Agile Health Insurance is a mediator between insurance companies and the customer to provide the customer with multiple options from dozens of companies. I chose this as the winner because I think you should start your search with Agile to get a good base on what you’re looking for and what the costs would be. Agile gets paid from the insurance companies, and their commission is roughly the same for every company, so they can stay relatively objective. The 1st plan that I will highlight is the Standard Life Select STM Plan because it’s a great place to start your research to get an understanding of what works best for your family.

Standard Life Select STM Plan 2 5000/30/1M Extended

Standard Life Insurance is one of the best short-term and accident insurance companies we have in our country. This plan is advertised on the Agile platform, so it can be confusing on whether it’s a Standard Life plan or something exclusive with Agile. To clear that up, this is similar to the same plan you’d get from their direct website.

Pros:
  • Unlimited doctor/Urgent Care visits with a $50 co-pay
  • Freedom to choose any doctor you want
  • 1 wellness exam per coverage period with no deductible ($75 max)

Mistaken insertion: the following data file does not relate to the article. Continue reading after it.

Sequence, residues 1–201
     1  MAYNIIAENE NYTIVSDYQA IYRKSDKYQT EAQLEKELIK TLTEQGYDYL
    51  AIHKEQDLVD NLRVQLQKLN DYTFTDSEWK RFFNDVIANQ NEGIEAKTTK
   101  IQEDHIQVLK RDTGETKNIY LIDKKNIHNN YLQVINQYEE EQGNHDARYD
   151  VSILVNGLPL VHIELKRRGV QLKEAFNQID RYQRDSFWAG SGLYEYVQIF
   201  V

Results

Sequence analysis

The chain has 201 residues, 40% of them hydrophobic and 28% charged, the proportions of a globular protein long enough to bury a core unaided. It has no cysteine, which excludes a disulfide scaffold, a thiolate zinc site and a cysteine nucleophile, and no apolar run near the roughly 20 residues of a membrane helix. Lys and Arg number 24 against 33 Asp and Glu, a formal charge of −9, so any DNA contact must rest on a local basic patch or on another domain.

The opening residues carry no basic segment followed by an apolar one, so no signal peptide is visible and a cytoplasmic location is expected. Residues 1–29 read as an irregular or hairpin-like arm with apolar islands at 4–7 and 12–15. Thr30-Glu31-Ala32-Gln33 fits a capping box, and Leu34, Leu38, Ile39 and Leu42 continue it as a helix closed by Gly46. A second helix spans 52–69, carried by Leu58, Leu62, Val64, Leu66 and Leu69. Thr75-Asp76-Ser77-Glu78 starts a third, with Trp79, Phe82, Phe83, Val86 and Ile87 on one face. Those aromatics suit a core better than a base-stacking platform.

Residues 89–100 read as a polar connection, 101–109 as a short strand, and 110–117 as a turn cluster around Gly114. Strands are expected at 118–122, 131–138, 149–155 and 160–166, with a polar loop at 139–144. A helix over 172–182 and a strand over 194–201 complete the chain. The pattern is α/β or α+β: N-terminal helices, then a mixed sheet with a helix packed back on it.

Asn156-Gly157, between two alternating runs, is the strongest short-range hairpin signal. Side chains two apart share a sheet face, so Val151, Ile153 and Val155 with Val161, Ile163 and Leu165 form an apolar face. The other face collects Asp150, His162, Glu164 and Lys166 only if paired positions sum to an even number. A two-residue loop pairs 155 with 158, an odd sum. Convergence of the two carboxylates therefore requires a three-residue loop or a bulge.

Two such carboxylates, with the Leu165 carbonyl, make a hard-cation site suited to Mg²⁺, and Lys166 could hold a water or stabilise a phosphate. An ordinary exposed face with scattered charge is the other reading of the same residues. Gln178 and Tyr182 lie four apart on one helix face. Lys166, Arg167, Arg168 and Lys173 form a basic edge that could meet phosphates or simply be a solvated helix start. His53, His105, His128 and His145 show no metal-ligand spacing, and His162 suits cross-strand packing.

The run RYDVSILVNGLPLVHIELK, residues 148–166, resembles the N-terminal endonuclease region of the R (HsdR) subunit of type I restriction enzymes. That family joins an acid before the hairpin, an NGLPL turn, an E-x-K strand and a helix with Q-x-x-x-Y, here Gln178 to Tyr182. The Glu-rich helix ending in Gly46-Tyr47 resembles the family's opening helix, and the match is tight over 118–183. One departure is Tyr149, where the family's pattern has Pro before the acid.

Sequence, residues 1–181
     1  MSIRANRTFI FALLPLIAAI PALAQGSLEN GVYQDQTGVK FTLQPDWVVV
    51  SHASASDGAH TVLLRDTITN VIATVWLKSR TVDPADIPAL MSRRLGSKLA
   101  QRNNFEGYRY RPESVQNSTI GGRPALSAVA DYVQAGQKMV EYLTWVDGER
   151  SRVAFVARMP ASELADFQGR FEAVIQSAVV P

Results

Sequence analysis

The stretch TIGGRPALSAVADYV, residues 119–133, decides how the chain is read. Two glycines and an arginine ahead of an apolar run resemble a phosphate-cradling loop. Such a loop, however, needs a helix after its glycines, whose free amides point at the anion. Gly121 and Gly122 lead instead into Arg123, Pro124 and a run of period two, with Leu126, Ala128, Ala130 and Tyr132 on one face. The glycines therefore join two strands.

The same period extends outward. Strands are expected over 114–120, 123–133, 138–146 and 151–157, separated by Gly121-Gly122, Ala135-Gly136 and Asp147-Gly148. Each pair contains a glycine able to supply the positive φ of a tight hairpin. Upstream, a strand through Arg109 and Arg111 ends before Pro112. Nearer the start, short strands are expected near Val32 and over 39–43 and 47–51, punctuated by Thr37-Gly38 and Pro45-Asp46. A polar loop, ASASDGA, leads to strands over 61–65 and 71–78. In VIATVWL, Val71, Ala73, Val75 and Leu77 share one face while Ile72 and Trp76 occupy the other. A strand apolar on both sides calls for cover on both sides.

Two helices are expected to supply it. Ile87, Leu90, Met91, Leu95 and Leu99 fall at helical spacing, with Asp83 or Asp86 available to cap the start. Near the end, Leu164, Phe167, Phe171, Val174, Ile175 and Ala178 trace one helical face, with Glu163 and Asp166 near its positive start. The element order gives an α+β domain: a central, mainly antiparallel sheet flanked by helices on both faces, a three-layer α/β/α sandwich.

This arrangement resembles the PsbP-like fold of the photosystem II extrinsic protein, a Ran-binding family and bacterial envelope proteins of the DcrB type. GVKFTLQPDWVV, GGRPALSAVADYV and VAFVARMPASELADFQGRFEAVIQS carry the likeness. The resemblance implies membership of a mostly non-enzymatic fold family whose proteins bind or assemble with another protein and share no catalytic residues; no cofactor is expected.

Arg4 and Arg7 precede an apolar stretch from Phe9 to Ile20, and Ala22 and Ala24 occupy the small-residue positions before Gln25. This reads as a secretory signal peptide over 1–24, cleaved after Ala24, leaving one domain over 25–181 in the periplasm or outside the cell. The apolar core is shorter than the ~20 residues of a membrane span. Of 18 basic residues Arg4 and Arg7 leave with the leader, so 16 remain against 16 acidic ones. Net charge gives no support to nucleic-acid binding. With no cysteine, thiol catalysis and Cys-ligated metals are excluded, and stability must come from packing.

Cons:
  • No OB-GYN coverage for women
  • No infant care
  • No pre-post natal coverage
  • Limited mental health coverage
What are the Benefits and Coverage for this Plan

The Standard Life STM Plan is a Preferred  Provider Organization (PPO) Plan that is designed to give you the most flexibility and coverage options for you and your family. This plan gives you the opportunity to see any doctor you want without added fees or deductibles. This plan only covers you for 12 months (1 year), so you can get an idea of the short-term option that is right for you after this 1 year.

 

Standard Life STM Plan
Deductable $5,000 per covered person, maximum of 3 deductibles per family per coverage period
Policy Term 12 Months
Coinsurance 30% After Deductible
Max Out Of Pocket Cost $11,000
Monthly Fee $29.99
Maximum Benefit $1,000,000
Stop-Loss Amount $6,000-Individual

$18,000-Family

 

Runner-Up: Anthem HealthKeepers Bronze X 7500 – HMO

The Anthem HealthKeepers Bronze plan is a Health Maintenance Organization (HMO) plan, which is a plan that limits coverage to providers who are within the plan’s network and require a doctor’s referral to see specialists. HMO’s are more restrictive than the PPO’s because you may not be able to pick the doctor you want to see. However, the HMO plan covers more after the deductible is met and covers more issues than a standard PPO plan.

Pros: